Similarly, when modern-day workers resist the introduction of computer-based production methods, these disputes could be solved by a different approach to technology, if only managers would ‘get out of the way’ and stop insisting on their ‘right to manage’ (which is after all another form of power).
To give another example, when workers (in the late 1970s – see CSR Chapter 4) at Lucas Aerospace were threatened with redundancy (because of a decline in orders from the government for defence-related equipment), they came up with a number of suggestions for alternative products that they could make – still using their advanced skills and technological knowledge. A crucial problem that often arises when managers choose a new technology is the phenomenon of ‘deskilling’ – workers are no longer in control of the work, but pass over their skills to machines (automated systems and robots). The workers proposed hybrid power engines (thirty years later we at last have hybrid powered cars on the road), heat pumps (popular now as a way of heating without producing CO2!), a road-rail bus, and more production of kidney dialysis machines (there was a shortage at the time). The fact that these ideas were not taken up may well say more about the lack of imagination on the part of British management than anything else, and it certainly reflected the management’s mistrust of the workforce, and their need to hold on to their decision-making power (their right to manage)! Mere workers could not be allowed to challenge the managers’ right to make decisions about the product and the output of the business: where would that end?!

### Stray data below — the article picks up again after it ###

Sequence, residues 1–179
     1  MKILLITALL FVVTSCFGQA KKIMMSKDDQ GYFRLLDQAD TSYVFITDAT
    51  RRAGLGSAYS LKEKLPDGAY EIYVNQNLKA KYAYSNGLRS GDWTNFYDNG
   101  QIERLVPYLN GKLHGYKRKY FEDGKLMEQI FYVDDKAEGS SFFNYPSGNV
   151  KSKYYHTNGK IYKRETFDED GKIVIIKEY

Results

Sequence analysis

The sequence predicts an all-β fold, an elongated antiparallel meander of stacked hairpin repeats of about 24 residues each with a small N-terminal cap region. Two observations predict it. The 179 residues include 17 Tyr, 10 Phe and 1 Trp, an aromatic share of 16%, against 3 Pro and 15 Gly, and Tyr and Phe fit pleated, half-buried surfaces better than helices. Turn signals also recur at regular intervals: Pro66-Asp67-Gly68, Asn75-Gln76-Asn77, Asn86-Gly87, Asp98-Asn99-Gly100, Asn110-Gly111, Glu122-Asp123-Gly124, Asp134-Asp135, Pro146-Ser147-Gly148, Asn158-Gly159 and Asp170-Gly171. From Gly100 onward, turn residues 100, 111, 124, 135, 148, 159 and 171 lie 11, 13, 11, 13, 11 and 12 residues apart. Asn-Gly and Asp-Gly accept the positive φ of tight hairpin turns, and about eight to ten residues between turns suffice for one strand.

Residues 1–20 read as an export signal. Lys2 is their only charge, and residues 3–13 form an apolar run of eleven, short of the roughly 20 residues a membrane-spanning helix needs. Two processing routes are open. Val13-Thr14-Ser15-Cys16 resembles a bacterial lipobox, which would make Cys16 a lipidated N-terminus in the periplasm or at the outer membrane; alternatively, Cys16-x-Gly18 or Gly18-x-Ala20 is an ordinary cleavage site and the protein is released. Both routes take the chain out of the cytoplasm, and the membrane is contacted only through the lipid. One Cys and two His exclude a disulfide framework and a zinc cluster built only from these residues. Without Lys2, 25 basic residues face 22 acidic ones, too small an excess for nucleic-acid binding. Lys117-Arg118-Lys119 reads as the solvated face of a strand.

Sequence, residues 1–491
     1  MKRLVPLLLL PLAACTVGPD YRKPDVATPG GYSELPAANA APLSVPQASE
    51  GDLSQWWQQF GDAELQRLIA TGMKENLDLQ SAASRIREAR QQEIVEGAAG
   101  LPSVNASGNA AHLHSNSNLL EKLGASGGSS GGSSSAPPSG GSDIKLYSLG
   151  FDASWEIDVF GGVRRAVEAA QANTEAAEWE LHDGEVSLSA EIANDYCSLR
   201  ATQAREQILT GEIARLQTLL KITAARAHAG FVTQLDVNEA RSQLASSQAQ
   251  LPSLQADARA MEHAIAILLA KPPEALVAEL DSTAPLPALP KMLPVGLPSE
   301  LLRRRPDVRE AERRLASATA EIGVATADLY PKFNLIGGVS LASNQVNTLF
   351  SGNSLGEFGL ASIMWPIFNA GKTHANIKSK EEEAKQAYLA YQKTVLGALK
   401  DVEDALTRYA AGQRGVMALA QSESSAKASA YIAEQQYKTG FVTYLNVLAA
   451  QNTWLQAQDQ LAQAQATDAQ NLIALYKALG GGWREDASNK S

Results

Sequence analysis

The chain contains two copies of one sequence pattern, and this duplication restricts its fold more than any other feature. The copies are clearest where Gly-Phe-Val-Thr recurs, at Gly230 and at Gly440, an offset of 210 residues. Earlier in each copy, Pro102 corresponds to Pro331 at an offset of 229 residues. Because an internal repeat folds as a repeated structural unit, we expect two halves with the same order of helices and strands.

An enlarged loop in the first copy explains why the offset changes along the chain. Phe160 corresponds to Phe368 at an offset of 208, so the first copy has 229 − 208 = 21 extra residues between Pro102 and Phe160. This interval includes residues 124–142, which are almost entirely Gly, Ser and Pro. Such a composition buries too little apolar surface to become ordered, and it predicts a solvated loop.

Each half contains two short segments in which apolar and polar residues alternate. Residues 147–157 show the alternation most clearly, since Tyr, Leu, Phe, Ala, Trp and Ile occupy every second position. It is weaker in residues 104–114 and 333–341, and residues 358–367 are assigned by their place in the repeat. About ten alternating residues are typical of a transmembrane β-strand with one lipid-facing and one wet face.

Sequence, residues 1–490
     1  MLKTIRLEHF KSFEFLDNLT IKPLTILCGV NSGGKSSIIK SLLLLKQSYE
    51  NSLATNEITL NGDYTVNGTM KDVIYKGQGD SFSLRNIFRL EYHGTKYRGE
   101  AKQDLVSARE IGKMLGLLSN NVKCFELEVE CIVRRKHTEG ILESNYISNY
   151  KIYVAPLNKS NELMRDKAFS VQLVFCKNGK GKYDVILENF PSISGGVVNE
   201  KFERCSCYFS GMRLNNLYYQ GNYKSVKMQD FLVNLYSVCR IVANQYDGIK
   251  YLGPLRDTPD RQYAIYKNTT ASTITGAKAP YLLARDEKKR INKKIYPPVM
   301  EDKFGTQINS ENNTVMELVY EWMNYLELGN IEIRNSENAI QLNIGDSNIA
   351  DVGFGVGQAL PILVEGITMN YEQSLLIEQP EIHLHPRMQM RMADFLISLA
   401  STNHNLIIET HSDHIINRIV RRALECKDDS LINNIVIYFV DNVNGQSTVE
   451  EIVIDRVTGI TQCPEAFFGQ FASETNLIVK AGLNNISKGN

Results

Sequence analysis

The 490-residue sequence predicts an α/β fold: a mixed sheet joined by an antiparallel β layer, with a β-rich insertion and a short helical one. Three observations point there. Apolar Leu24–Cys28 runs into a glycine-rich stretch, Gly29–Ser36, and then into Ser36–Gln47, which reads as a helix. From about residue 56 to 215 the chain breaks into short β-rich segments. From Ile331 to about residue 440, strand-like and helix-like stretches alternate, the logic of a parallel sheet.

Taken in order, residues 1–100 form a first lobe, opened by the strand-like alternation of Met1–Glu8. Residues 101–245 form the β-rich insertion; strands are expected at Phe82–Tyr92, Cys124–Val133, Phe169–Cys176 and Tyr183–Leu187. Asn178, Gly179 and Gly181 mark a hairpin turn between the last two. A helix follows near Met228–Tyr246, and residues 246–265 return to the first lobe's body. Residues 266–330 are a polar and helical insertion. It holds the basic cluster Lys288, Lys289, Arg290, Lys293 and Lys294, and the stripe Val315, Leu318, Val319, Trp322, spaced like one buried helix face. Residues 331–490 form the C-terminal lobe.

2.7 The dual nature of work:
Finally, a recent writer continues the discussion of workers’ attitudes to work with a valuable, and to my mind a balanced, study of the labour movement. A.J. McIvor (2001) focuses on work, how it affects people’s lives, and how the labour movement reacted to changes at work. He stresses the dual nature of work: it brings meaning and dignity or status to people’s lives, (and loss of work is demoralising); but at the same time it can be dangerous (all work was dangerous in Victorian times, he says) and degrading.